Meeting NewsVideo

VIDEO: Expert discusses CV benefits, risks associated with physical activity

ANAHEIM, Calif. — In this Cardiology Today video exclusive, Aaron L. Baggish, MD, director of the Cardiovascular Performance Program at Massachusetts General Hospital, discusses the impact that different levels of exercise have on CV health, as was debated in a panel discussion at the American Heart Association Scientific Sessions.

“There is absolutely no doubt that exercise is the single best way to promote general wellness in CV health and indeed I would assert that routine physical activity outpaces any of the expensive pharmaceuticals that are being marketed to make people live longer and feel better,” Baggish said. “What's interesting now is that there are some concerns being generated about exercise at the highest ends. For long periods of time, the traditional dictum has been that the more exercise the better, the fitter you are, the longer you live, and the less likely you are to have heart disease, but indeed that notion has recently been challenged by a number of studies that suggest that there may be a level at which the benefits of exercise start to experience diminishing returns and potentially a level of exercise where there is more harm done than good.”

According to Baggish, the panel discussion focused on problems with the heart muscle, the heart’s electrical conduction system and the coronary arteries, all of which have been linked to heart disease attributed to too much exercise.

“The big take home from the discussion is that the most important health benefits of exercise occur when people go from doing nothing to something, so as little as 10 to 15 minutes of exercise a day is really quite effective at improving health,” Baggish said.

ANAHEIM, Calif. — In this Cardiology Today video exclusive, Aaron L. Baggish, MD, director of the Cardiovascular Performance Program at Massachusetts General Hospital, discusses the impact that different levels of exercise have on CV health, as was debated in a panel discussion at the American Heart Association Scientific Sessions.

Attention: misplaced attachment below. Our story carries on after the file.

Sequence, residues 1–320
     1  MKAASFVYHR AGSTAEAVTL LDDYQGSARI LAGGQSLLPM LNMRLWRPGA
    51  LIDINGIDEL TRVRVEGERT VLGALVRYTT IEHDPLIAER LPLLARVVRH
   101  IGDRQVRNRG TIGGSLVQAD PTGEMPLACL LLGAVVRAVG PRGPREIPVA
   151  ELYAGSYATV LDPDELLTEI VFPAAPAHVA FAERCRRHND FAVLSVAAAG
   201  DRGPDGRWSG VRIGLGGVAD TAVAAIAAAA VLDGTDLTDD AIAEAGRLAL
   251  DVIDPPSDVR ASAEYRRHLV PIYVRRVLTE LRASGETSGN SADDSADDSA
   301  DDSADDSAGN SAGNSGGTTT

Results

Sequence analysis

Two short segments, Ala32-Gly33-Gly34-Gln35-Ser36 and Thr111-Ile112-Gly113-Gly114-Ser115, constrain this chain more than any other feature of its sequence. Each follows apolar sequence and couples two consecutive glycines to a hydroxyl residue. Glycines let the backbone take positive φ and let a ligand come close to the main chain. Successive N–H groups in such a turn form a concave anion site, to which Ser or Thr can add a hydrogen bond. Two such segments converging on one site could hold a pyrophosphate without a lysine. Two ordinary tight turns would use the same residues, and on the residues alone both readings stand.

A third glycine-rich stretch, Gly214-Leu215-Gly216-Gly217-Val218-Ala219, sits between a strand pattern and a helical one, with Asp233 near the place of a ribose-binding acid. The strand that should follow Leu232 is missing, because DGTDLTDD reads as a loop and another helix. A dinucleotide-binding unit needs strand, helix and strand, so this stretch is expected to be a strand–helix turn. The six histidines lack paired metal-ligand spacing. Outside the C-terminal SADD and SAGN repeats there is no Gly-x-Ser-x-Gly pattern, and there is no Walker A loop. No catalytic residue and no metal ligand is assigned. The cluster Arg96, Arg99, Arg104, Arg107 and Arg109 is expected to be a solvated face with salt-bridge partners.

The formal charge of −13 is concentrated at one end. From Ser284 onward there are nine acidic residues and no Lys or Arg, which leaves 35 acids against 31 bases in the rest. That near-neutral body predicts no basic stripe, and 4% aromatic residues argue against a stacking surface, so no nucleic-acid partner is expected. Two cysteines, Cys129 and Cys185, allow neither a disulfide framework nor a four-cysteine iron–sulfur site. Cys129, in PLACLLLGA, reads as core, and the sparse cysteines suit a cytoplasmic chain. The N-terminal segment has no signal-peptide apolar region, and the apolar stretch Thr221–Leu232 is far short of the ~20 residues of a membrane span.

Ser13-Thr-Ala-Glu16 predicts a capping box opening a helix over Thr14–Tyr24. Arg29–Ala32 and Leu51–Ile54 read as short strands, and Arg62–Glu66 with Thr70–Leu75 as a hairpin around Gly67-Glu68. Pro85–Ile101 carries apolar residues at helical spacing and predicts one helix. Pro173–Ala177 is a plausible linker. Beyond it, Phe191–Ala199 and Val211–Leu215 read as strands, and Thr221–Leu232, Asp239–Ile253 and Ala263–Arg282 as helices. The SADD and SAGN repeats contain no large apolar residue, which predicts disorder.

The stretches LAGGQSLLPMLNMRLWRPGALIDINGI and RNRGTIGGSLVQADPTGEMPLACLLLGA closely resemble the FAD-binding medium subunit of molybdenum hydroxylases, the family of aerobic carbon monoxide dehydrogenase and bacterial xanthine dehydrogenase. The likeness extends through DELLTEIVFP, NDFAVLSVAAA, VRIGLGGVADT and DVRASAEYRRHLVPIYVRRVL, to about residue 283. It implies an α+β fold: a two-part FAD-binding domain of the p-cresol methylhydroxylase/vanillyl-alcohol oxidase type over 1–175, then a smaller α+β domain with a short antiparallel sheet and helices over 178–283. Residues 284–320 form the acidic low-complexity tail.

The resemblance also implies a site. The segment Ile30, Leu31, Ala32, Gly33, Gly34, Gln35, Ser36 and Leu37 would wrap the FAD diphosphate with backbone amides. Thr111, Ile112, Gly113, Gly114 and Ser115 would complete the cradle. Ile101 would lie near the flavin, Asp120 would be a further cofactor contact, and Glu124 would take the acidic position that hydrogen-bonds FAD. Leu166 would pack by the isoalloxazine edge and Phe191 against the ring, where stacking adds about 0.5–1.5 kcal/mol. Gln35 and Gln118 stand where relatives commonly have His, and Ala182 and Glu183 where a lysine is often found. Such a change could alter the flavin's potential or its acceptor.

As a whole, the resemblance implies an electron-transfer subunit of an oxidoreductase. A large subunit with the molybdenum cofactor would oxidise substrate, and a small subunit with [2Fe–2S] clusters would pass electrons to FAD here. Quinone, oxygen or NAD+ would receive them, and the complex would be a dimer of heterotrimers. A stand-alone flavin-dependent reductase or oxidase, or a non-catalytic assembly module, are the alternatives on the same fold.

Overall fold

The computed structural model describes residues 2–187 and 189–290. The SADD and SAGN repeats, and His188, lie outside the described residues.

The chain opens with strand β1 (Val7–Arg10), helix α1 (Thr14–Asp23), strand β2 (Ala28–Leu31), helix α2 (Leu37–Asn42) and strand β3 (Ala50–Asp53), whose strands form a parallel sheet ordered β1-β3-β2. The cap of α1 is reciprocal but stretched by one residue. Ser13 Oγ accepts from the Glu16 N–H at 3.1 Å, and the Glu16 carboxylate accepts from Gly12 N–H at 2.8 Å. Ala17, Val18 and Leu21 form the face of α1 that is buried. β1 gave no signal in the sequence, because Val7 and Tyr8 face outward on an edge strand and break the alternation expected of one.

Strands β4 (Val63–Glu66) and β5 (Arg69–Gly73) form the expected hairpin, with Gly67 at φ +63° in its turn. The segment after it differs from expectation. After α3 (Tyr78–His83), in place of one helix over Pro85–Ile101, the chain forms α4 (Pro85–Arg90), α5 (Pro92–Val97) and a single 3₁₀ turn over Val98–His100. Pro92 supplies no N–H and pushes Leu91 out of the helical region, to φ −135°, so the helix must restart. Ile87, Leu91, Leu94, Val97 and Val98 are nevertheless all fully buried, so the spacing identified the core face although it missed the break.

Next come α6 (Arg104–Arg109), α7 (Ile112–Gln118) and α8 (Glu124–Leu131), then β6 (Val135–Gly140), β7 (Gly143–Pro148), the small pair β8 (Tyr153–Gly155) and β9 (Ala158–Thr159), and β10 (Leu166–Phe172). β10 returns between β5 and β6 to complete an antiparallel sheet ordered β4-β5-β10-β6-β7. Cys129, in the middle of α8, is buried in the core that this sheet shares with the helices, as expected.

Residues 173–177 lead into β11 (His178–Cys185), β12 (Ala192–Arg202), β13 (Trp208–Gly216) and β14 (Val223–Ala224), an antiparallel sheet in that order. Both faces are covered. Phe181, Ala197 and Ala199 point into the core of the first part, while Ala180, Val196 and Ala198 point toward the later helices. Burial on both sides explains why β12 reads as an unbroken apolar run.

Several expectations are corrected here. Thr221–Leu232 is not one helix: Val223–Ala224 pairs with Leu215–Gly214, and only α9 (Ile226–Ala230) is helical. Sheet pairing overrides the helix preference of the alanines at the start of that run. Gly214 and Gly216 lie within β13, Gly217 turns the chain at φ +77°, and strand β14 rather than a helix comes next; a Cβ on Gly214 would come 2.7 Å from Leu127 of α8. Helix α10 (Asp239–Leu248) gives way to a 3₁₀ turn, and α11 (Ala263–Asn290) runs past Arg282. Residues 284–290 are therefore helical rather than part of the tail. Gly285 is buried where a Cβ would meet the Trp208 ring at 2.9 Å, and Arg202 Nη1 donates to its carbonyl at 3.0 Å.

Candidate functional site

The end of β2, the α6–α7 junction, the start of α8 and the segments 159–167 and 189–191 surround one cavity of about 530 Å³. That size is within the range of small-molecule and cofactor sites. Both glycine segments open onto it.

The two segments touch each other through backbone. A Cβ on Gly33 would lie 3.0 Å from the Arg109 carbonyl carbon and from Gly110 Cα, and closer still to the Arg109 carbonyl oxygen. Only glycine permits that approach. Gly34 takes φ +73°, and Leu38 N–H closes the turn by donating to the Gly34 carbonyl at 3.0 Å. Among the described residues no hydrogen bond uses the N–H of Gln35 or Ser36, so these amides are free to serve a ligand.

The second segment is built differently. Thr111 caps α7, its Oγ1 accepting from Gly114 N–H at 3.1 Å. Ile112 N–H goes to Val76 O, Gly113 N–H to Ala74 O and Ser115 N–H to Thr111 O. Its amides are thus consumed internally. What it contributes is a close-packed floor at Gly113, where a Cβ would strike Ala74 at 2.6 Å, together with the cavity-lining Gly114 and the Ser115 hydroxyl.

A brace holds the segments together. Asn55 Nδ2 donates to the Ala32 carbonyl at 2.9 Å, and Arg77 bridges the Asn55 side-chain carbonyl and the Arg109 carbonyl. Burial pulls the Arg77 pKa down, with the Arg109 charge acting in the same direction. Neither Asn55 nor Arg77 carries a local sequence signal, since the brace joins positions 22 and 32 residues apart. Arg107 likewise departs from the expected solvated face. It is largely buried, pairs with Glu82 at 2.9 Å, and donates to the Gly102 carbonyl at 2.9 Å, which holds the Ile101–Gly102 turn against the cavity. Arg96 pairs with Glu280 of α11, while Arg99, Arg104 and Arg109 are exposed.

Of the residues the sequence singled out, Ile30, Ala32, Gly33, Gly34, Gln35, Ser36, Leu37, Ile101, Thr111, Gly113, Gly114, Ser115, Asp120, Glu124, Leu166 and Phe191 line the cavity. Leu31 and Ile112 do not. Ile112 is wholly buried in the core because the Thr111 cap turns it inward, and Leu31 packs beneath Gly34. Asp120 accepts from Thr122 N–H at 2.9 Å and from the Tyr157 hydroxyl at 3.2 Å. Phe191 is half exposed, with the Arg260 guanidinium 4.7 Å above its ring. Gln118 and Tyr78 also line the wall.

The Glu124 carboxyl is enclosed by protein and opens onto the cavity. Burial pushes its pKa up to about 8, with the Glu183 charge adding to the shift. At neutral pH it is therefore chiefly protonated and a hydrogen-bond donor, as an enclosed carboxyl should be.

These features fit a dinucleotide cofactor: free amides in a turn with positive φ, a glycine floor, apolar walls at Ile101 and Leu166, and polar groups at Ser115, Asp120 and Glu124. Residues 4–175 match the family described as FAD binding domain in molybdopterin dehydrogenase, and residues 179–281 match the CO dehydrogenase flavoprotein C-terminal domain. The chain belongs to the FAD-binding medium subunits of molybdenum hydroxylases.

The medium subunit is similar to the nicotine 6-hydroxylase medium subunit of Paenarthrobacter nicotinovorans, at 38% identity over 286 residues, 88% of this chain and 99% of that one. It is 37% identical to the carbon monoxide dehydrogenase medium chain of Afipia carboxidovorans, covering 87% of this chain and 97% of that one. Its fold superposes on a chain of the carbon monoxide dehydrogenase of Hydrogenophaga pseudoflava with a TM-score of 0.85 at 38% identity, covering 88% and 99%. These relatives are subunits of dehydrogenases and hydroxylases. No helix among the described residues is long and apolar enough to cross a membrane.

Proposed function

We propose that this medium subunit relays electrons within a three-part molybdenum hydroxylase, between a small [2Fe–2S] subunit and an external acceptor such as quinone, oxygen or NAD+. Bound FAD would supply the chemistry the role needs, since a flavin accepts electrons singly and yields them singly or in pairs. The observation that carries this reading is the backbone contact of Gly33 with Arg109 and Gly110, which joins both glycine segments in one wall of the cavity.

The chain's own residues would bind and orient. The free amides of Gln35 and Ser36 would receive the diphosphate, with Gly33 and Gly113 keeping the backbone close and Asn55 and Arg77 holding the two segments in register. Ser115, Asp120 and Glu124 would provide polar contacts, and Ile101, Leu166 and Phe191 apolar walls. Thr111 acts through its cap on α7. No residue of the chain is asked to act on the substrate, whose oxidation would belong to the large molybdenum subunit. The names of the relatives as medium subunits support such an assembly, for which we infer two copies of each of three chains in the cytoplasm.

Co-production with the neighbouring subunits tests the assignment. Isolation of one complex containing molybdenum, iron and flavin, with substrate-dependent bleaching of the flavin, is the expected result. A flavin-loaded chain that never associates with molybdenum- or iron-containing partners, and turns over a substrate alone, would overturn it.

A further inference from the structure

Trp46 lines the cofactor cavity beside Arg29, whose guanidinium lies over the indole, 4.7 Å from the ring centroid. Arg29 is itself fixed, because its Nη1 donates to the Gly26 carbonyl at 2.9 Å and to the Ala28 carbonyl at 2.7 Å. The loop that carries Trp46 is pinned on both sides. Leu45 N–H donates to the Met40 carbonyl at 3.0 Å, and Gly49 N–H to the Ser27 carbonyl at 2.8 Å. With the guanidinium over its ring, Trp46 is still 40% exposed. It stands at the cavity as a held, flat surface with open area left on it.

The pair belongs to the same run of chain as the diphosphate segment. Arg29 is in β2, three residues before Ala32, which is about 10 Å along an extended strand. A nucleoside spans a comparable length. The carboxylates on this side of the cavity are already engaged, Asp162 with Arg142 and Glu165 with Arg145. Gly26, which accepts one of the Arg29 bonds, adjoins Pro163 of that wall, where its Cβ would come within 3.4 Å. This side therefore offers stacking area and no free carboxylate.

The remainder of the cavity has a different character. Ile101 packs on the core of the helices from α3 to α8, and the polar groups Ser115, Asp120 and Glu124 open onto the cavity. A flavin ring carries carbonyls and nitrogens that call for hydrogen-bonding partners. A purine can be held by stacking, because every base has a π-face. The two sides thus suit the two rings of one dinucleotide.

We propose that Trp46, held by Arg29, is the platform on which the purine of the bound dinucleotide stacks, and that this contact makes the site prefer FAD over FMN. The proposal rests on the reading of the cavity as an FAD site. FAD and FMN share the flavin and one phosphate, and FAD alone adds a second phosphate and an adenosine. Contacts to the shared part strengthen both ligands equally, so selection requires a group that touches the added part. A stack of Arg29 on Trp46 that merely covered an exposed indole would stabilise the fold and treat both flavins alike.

“There is absolutely no doubt that exercise is the single best way to promote general wellness in CV health and indeed I would assert that routine physical activity outpaces any of the expensive pharmaceuticals that are being marketed to make people live longer and feel better,” Baggish said. “What's interesting now is that there are some concerns being generated about exercise at the highest ends. For long periods of time, the traditional dictum has been that the more exercise the better, the fitter you are, the longer you live, and the less likely you are to have heart disease, but indeed that notion has recently been challenged by a number of studies that suggest that there may be a level at which the benefits of exercise start to experience diminishing returns and potentially a level of exercise where there is more harm done than good.”

According to Baggish, the panel discussion focused on problems with the heart muscle, the heart’s electrical conduction system and the coronary arteries, all of which have been linked to heart disease attributed to too much exercise.

“The big take home from the discussion is that the most important health benefits of exercise occur when people go from doing nothing to something, so as little as 10 to 15 minutes of exercise a day is really quite effective at improving health,” Baggish said.

    See more from American Heart Association Scientific Sessions